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Do outliers change the outcome of time series decomposition?

As far as I understand it, outliers occur in the residual-component. In the residuals plot they can be visually identified as spikes.

However, if I know the outliers within a time series before applying the decomposition, does it make sense to remove the outliers in order to increase the "quality" of the decomposition?

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    $\begingroup$ You may want outliers to show mostly in residuals, but that hope or expectation may not be satisfied, depending largely on how your decomposition is fitted, and whether the fitting method is robust. Ignoring outliers is usually regarded as a bad idea. In the case of time series there is a real problem that you have to fill gaps for many calculations to make sense at all. $\endgroup$
    – Nick Cox
    Commented Jun 29, 2020 at 14:17

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See section 12.9 of Hyndman and Athanasopoulos's textbook. https://otexts.com/fpp2/missing-outliers.html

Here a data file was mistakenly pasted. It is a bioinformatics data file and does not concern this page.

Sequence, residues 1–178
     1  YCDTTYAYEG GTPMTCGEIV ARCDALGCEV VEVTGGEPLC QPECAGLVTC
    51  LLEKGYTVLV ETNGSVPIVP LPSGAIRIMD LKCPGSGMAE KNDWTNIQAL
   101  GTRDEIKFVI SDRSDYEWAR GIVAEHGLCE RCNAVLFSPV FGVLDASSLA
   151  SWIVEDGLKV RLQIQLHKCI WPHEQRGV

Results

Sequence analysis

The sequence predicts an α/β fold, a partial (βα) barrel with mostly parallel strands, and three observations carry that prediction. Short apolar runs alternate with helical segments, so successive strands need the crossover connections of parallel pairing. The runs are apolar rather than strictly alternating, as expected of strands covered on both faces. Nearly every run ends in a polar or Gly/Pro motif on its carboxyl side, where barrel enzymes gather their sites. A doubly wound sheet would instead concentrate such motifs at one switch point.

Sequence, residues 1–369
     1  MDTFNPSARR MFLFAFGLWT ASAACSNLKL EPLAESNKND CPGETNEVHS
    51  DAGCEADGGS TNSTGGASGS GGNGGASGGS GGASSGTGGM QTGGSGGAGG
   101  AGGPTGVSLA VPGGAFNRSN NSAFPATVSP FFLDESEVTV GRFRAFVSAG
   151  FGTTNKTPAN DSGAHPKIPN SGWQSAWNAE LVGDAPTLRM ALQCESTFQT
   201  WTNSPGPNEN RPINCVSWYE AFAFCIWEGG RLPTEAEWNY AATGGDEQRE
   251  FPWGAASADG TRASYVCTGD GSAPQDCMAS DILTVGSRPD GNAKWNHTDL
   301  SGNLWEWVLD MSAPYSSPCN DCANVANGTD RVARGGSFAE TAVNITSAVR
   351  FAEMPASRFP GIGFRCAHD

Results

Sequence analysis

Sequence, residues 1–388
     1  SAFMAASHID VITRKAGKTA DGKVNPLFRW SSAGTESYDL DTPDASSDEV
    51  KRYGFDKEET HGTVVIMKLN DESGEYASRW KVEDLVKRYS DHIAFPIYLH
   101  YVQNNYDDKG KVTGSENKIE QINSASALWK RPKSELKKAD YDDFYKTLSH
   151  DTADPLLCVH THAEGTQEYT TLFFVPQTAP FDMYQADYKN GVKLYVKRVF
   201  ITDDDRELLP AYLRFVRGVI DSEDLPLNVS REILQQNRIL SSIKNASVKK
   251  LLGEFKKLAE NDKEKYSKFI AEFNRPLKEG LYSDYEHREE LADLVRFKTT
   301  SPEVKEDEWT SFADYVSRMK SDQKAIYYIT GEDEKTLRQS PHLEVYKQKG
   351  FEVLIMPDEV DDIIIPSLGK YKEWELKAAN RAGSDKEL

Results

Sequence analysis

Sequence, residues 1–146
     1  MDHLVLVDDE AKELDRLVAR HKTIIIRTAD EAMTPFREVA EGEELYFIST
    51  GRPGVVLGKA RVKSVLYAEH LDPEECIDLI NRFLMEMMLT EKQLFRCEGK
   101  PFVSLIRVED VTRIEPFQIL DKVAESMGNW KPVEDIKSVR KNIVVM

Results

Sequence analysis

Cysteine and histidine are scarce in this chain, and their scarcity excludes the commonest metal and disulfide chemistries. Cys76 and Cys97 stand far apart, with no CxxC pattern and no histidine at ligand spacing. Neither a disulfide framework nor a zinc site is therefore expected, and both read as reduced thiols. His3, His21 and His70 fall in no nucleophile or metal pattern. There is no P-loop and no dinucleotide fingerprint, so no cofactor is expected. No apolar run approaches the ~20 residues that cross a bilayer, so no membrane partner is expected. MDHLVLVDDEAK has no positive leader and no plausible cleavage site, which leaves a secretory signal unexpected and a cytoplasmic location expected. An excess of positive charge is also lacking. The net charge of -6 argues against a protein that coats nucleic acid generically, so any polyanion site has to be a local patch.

Often in a time series you need to handle outliers -- e.g. if you are predicting airline passengers you will have big outliers around Sept 11, 2001 and currently due to COVID-19. These are special events that have to be handled or they will throw everything off. So, yes, you need to handle these before the decomposition.

Data errors, or likely data errors, have to go.

Otherwise be careful. Be particularly careful in just applying some global filter (e.g. everything outside 3 standard deviations). You may be just suppressing the naturally high variability of the data.

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In the cross sectional literature it is generally seen as a bad idea to remove an outlier not caused by a data error. Instead you should try to understand why it is occurring. Which explains your data better. I have not seen it addressed much in time series.

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